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USAF, Canadian forces partner for unique training

U.S. Air Force Staff Sgt. William Eales, 19th Aircraft Maintenance Squadron, inspects a C-130J engine as Tech. Sgt. Sam Bishop, 19th AMXS, checks the technical orders after error codes showed a malfunction April 22, 2017 in Alberta, Canada. The 41st Airlift Squadron participated in Canadian exercise Fanatic Pegasus with Royal Canadian air forces and this is the first time American forces have participated in this exercise which establishes air and ground forces in unfamiliar terrain to work on communication and rapid deployment of those resources.  (U.S. Air Force photo by Staff Sgt. Jeremy McGuffin)

U.S. Air Force Staff Sgt. William Eales, 19th Aircraft Maintenance Squadron, inspects a C-130J engine as Tech. Sgt. Sam Bishop, 19th AMXS, checks the technical orders after error codes showed a malfunction April 22, 2017 in Alberta, Canada. The 41st Airlift Squadron participated in Canadian exercise Fanatic Pegasus with Royal Canadian air forces and this is the first time American forces have participated in this exercise which establishes air and ground forces in unfamiliar terrain to work on communication and rapid deployment of those resources. (U.S. Air Force photo by Staff Sgt. Jeremy McGuffin)

U.S. Air Force Airman 1st Class Tyler Wilson, 41st Airlift Squadron Loadmaster, watches for wing distance safety as the C-130J taxied into position to load Canadian light infantry April 22, 2017 in Alberta, Canada. The 41st Airlift Squadron participated in Canadian exercise Fanatic Pegasus with Royal Canadian air forces and this is the first time American forces have participated in this exercise which establishes air and ground forces in unfamiliar terrain to work on communication and rapid deployment of those resources.  
(U.S. Air Force photo by Staff Sgt. Jeremy McGuffin)

U.S. Air Force Airman 1st Class Tyler Wilson, 41st Airlift Squadron Loadmaster, watches for wing distance safety as the C-130J taxied into position to load Canadian light infantry April 22, 2017 in Alberta, Canada. The 41st Airlift Squadron participated in Canadian exercise Fanatic Pegasus with Royal Canadian air forces and this is the first time American forces have participated in this exercise which establishes air and ground forces in unfamiliar terrain to work on communication and rapid deployment of those resources. (U.S. Air Force photo by Staff Sgt. Jeremy McGuffin)

U.S. Air Force Tech. Sgt. Ryan Maxey, 41st Airlift Squadron Loadmaster, inspects his helmet as part of his preflight checklists April 22, 2017 in Alberta, Canada. The 41st Airlift Squadron participated in Canadian exercise Fanatic Pegasus with Royal Canadian air forces and this is the first time American forces have participated in this exercise which establishes air and ground forces in unfamiliar terrain to work on communication and rapid deployment of those resources.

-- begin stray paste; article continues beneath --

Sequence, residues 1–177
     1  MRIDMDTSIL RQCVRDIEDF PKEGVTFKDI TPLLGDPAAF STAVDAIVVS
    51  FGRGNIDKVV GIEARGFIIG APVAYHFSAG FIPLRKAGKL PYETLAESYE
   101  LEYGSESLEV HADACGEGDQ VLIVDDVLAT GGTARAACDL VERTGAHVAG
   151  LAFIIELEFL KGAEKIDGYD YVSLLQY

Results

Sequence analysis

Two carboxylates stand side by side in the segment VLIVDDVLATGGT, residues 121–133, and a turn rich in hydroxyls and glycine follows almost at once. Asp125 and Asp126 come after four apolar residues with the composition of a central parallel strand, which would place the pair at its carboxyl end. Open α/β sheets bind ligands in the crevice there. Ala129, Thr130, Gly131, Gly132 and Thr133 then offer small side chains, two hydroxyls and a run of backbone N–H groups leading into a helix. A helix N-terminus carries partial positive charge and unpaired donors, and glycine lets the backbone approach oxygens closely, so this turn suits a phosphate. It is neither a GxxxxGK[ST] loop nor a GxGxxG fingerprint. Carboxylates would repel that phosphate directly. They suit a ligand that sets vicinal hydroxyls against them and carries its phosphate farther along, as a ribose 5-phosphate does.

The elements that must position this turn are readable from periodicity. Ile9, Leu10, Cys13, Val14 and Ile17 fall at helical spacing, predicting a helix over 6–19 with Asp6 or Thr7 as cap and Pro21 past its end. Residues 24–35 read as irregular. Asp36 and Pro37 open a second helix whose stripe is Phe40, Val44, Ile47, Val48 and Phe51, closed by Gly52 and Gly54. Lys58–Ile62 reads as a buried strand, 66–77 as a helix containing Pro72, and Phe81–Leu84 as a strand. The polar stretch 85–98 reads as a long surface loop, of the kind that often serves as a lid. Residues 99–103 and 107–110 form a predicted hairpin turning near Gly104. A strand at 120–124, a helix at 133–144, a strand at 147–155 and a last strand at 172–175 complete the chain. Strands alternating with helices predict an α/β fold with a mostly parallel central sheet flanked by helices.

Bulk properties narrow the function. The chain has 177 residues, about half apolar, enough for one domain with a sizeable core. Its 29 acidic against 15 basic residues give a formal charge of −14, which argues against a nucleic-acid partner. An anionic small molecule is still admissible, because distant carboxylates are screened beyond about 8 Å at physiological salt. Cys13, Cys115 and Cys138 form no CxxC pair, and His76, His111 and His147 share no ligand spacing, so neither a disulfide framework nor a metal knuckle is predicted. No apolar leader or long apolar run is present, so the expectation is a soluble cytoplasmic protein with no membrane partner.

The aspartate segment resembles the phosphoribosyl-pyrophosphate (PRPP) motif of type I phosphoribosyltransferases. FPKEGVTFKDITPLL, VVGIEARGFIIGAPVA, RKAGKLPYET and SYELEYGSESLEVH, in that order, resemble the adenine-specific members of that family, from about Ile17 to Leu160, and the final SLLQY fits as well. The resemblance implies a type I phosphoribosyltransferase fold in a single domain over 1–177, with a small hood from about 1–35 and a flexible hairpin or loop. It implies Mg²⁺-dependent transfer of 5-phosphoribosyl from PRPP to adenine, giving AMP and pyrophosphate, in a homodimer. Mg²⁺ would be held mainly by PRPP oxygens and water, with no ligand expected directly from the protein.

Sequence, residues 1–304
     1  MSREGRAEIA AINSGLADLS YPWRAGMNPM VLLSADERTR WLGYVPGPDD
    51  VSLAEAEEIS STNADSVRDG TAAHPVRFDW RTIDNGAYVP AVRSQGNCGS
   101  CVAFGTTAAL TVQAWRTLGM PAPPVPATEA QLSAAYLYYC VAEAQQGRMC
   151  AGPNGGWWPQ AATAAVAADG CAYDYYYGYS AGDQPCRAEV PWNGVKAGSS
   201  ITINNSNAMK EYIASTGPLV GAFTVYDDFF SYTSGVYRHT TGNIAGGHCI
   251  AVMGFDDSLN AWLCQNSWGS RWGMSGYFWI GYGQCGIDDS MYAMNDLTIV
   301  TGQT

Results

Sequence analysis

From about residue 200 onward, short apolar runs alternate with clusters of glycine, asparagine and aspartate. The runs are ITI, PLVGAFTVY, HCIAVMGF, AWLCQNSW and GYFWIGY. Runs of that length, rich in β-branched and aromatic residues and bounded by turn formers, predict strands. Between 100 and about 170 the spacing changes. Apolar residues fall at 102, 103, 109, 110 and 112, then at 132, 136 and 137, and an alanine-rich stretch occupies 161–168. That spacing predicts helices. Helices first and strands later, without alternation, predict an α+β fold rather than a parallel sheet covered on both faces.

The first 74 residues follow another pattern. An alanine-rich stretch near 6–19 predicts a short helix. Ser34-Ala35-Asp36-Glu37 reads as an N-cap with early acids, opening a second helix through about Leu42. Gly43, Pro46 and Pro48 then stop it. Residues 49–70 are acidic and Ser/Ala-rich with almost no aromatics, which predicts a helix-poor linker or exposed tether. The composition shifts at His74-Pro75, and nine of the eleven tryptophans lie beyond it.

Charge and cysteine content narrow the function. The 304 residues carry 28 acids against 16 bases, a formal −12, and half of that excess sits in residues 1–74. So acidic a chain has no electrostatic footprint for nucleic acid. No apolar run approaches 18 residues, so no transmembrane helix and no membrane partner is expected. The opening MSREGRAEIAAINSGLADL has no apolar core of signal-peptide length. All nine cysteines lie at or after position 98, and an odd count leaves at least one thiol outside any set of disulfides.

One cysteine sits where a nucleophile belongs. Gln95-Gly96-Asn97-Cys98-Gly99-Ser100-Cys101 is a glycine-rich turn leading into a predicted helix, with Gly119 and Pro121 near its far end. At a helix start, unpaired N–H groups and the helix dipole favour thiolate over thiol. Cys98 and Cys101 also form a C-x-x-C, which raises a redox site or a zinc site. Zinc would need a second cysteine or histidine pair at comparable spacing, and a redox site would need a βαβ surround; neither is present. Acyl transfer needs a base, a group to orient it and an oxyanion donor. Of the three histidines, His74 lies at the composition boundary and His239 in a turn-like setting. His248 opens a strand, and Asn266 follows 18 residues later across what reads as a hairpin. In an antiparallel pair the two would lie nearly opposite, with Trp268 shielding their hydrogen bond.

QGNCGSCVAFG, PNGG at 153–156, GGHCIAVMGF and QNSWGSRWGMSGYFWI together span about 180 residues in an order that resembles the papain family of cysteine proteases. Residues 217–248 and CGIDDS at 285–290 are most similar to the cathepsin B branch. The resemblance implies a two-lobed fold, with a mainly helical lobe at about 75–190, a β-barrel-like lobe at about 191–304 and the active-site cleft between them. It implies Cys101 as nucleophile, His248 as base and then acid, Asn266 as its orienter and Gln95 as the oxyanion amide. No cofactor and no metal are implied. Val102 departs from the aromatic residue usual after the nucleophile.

(U.S. Air Force photo by Staff Sgt. Jeremy McGuffin)

U.S. Air Force Tech. Sgt. Ryan Maxey, 41st Airlift Squadron Loadmaster, inspects his helmet as part of his preflight checklists April 22, 2017 in Alberta, Canada. The 41st Airlift Squadron participated in Canadian exercise Fanatic Pegasus with Royal Canadian air forces and this is the first time American forces have participated in this exercise which establishes air and ground forces in unfamiliar terrain to work on communication and rapid deployment of those resources. (U.S. Air Force photo by Staff Sgt. Jeremy McGuffin)

U.S. Air Force Capt. David Tart , left, and 1st Lt. Alex Randall, 41st Airlift Squadron pilots, fly in formation with a Canadian C-130J in the Canadian Rockies executing low altitude high terrain evasion maneuvers during the first Fanatic Pegasus exercise mission with Royal Canadian air forces in Alberta, Canada, April 20, 2017. This is the first time American forces have participated in this exercise which establishes air and ground forces in unfamiliar terrain to work on communication and rapid deployment of those resources.
(U.S. Air Force photo by Staff Sgt. Jeremy McGuffin)

U.S. Air Force Capt. David Tart , left, and 1st Lt. Alex Randall, 41st Airlift Squadron pilots, fly in formation with a Canadian C-130J in the Canadian Rockies executing low altitude high terrain evasion maneuvers during the first Fanatic Pegasus exercise mission with Royal Canadian air forces in Alberta, Canada, April 20, 2017. This is the first time American forces have participated in this exercise which establishes air and ground forces in unfamiliar terrain to work on communication and rapid deployment of those resources. (U.S. Air Force photo by Staff Sgt. Jeremy McGuffin)